The Government has got its energy policy priorities fundamentally wrong. In its fight to reduce energy costs for consumer and industry, it has lost its way.
Ministers are backing expensive gas and nuclear projects while undervaluing potentially cheaper decentralised energy supply, based on renewables and smaller scale power-generation technologies.
Decentralised energy generation on factory locations is key to the development of sustainable food and industrial production, as part of the emerging circular economy. By removing incentives too early, the Government is undermining the efforts of British industry to become more sustainable.
Some companies such as Nestlé and Diageo are sharing their successes within their sectors. Both are using an innovative, British renewable technology to convert production residues into on-site renewable energy. This will cut their residue disposal costs and waste water clean-up costs, while supplying base load and low-carbon energy to the grid.
Other early adopters are leading the way with investment in on-site technologies such as solar, biomass and anaerobic digestion (AD) to cut consumption of fossil fuel-derived energy.
These innovators are showing manufacturers how they can play their part by turning their production residues into valuable biogas. This will help our ungrateful Government to reach its renewables and carbon reduction targets.
But ill-thought out ministerial intervention is removing access to renewable energy incentives. Limiting support for small-scale plants is undermining development of on-site renewable energy and the ability of British food producers to compete on the global stage.
The recent decision to provide billions of pounds in subsidies to the French and Chinese for nuclear power plants is crazy. The decision contrasts starkly with the way the Department of Energy & Climate Change (DECC) is failing to support British renewable energy companies by removing incentives. This will lead to engineering job losses at a time when developing our manufacturing and boosting economic growth is a priority.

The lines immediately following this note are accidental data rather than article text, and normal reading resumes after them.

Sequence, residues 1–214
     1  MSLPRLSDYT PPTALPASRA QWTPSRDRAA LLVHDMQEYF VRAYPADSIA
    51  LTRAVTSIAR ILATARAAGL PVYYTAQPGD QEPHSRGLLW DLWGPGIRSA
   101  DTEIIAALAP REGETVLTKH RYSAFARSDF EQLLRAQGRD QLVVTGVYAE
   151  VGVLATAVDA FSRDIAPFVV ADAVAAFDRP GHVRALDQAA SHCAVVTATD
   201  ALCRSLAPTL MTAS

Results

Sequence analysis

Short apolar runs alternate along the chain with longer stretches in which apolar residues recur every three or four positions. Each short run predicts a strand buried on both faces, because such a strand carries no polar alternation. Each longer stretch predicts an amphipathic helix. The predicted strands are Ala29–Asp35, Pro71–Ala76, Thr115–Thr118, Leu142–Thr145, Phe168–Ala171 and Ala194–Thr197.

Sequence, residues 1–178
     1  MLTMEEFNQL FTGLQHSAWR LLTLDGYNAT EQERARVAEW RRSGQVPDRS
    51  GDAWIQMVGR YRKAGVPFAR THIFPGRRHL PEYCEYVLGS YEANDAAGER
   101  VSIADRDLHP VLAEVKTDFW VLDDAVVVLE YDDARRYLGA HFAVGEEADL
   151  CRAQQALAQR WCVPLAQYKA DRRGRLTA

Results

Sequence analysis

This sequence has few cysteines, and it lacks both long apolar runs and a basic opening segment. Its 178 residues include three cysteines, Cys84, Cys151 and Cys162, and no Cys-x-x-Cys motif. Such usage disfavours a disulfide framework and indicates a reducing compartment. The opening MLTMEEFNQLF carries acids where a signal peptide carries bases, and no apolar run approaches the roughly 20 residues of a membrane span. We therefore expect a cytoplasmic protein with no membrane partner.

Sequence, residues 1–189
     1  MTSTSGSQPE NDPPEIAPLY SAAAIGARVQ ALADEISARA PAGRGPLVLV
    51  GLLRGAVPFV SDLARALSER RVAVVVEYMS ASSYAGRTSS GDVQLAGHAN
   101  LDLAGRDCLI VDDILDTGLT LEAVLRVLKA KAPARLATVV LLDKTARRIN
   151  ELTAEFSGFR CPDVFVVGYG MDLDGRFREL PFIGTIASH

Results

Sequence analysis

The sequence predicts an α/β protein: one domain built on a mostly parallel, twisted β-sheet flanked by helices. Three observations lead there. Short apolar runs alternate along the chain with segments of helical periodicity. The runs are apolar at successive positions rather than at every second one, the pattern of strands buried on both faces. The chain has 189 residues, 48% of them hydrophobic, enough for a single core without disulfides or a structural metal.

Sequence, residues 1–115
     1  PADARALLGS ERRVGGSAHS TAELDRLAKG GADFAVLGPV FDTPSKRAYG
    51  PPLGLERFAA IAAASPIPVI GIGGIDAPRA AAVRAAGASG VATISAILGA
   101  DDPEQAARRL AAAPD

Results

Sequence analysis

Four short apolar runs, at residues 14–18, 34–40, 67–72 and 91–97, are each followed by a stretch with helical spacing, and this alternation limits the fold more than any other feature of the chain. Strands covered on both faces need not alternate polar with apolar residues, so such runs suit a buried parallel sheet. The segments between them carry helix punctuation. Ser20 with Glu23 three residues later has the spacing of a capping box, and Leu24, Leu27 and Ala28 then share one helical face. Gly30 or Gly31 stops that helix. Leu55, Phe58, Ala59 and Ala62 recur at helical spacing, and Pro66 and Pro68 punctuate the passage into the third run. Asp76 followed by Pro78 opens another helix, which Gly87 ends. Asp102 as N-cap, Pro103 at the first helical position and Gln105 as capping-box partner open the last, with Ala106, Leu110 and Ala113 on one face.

DECC should be supporting investment in decentralised energy production, particularly in the food sector, farms and rural communities. The generation of biomass-based heat and power on industrial and similar sites can enhance sustainability and reduce greenhouse gas emissions.
Such a smaller scale energy sector is being ignored by the Government. There will always be a requirement for large, centralised power generation – whether by clean coal, gas, nuclear, offshore wind or tidal – but such solutions must be matched by investment in smaller scale renewables.
They can supply energy at the point of use based on locally available feedstocks, as can power sources such as hydro or ground source heat, plus the development of micro-generation systems and novel battery technologies.
There is a range of opportunities, but the commercial sector needs a stable and supportive renewables policy framework to encourage investment and development of novel solutions.
Despite the positive reaction of energy secretary Amber Rudd when she saw AD technology in action at Nestlé’s Fawdon factory in March this year, where it is saving them 8% on its energy spend, the Government has failed to engage with British technology suppliers. When will it listen to those of us who are investing in our companies, creating jobs, generating growth and looking to develop export markets on the back of UK technology and engineering?
Thousands of food factories, farms and rural communities could be using sustainable fuels such as wood, food or other residues to power biomass and on-site AD systems if the Government chose to stimulate the market.
Will DECC start to back British innovation rather than providing taxpayers’ cash to overseas technology suppliers of gas and nuclear power stations? British renewables companies simply need a level playing field and limited taxpayer support, because it already has the expertise.
Richard Gueterbock is director of Clearfleau